Tuesday, December 23, 2008

This requires you to modify the 3CX databases. While I have done this several times without issue, please be aware that you take full responsibility for your own PBX and you use this info at your own risk. You should make sure to have a good backup on hand. As well, it is likely 3CX would not support these changes and either will I.

OK, here we go....

  1. Download pgadmin III to use for modifying the database. http://www.pgadmin.org/download/
  2. Install pgadmin on your 3CX box, the defaults should be fine
  3. Launch pgadmin and go to 'File->Add Server'
  4. For 'Name' and 'Host' enter ''
  5. For 'Port' enter '5480'
  6. For 'username' enter 'phonesystem'
  7. For 'password' we need to perform the following....open your ini file located at c:\program files\3cx phonesystem\bin\3cxphonesystem.ini. Do a Find and look for the string 'dbPassword'. You should find a long alphanumeric string with hyphens. Copy the alphanumeric string and paste into 'password' in pgadmin
  8. Make sure the 'connect now' option is ticked
  9. Hit OK.

You are now connected to your 3CX database with full admin rights. At this point, you can completely mung it up.

Now, in pgAdmin....

  1. Navigate to 'databases->phonesystem->schemas->public->tables'
  2. Expand tables
  3. Right click the 'parameter' table and select 'view data->view ALL rows'
  4. Scroll to the bottom of the table
  5. We are going to create a new row by typing values in the row marked with '*'
  6. In column 1 enter 'ALLOWUSEBUSYOPTFORGROUP'
  7. In column 2 enter 'allow group busy'
  8. In column 3 enter '0' (thats a zero not an O)
  9. In column 4 enter '1'
  10. At this point, the last column has nothing in it
  11. Click in another field elsewhere in the table (in other words, click off this new row). this commits the row
  12. Now, click the refresh button at the top of the window. This will autopopulate the last column with the proper next seq num.
  13. Exit pgadmin

Now, go back to 3CX and restart all services. Once everything comes back up your old 'allowUseBusyOptForGroup' should be working again.

Happy 3CXing!!!!



I wrote a post for the 3CX corporate blog about this here....


Some of you may find it interesting.


Wednesday, December 3, 2008

One of things I love most about 3CX is the simplicity of the management interface. 3CX has done a great job making it very easy and intuitive for administrators to command and control our IP PBXs.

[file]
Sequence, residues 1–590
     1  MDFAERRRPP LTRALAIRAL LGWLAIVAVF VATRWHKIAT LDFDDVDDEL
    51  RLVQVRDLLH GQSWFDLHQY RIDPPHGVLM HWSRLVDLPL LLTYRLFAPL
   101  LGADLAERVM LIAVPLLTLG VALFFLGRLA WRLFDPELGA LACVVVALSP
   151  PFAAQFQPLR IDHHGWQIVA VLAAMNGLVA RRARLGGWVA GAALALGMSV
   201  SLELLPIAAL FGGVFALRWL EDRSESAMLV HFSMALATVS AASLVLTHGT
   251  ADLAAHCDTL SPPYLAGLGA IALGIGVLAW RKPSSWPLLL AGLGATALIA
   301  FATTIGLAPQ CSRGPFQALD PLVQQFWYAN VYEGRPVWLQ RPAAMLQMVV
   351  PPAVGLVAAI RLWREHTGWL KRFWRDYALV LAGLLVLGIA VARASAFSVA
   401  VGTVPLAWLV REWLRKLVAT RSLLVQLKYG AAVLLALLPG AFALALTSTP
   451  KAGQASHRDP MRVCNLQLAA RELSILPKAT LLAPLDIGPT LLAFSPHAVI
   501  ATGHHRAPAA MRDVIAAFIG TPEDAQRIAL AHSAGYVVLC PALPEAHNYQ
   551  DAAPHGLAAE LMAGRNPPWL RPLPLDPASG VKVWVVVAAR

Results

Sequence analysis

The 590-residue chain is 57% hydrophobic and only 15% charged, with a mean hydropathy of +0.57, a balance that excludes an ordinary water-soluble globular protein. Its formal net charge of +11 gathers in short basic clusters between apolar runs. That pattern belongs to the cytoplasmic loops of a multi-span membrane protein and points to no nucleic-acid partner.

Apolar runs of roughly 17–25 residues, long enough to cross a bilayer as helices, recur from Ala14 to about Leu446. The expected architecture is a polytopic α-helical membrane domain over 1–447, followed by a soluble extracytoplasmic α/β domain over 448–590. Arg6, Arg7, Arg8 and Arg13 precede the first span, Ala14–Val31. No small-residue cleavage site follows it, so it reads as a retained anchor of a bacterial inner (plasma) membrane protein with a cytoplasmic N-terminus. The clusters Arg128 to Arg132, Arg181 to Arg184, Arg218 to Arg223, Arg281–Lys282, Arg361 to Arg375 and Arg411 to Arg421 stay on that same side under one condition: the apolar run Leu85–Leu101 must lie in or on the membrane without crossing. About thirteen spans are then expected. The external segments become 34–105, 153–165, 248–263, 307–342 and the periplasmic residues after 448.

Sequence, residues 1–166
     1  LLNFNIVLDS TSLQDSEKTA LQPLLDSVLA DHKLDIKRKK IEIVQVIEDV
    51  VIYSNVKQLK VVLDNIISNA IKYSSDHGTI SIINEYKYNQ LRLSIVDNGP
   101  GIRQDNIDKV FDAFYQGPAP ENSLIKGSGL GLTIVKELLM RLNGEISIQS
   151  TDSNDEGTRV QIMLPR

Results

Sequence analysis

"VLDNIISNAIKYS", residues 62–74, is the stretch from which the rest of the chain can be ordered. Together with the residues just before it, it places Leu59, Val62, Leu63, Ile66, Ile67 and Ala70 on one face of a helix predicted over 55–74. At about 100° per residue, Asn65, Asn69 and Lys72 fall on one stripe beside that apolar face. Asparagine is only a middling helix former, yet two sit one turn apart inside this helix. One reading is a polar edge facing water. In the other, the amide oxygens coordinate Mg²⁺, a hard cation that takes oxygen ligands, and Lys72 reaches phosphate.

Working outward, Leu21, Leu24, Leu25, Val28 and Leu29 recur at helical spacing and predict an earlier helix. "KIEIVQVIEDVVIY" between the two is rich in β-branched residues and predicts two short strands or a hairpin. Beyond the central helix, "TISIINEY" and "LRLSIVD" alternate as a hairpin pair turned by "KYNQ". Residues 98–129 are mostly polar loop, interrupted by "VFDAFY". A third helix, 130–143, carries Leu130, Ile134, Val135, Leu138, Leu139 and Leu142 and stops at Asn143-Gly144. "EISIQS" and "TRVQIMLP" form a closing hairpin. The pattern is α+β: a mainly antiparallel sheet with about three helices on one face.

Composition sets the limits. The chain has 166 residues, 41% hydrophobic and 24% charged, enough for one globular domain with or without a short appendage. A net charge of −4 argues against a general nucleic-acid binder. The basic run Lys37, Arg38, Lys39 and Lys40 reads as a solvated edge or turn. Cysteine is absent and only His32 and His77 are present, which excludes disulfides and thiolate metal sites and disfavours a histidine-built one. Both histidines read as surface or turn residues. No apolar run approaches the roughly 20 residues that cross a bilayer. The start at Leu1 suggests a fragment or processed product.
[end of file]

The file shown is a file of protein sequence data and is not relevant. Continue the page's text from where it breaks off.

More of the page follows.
But what about managing our IP Phones?

As many of you know I am a big fan of the Aastra family of XML enabled IP phones. I really love the balance of usability, function and cost that Aastra has managed to achieve (especially with the 5xi family). As well, I am also a big proponent of leveraging the use of XML control that is available in today's IP phones.

While there are a whole host of things we can do with XML scripting on our IP phones, I have become specifically interested in the topic of config management.
If any of you manage a network with more than about 25 IP phones, then you know that managing config files can sometimes become a little bit on the painstaking side. Sure, the use of centralized, tftp based, config distribution definitely makes it easier to "centrally" manage our IP phone config files. It helps us avoid having to make changes on individual IP phones via web interfaces.

There are a few drawbacks to this approach. First, we are still managing a lot of separate files (both global and mac specific files). Second, if we do need to institute changes to subgroups of phones then we may not be able to do this via global.cfg files and will need to edit several files manually. Third, changes made to cfg files are not applied to the IP phone until it reboots and requests it config via tftp.

So, while serving up our config files via tftp is far superior to managing a large amount of phones via web interfaces, it still is not the perfect solution. So, I decided to go in search of some other possibilities and, of course, I love anything than can be done via XML :)

Introducing the AastraIPPhoneConfiguration element...

After some review of the Aastra XML specifications, I came across this little shining gem. The AastraIPPhoneConfiguration XML element allows us to do exactly what we would want, send config parameters/values to an IP Phone as an XML data structure.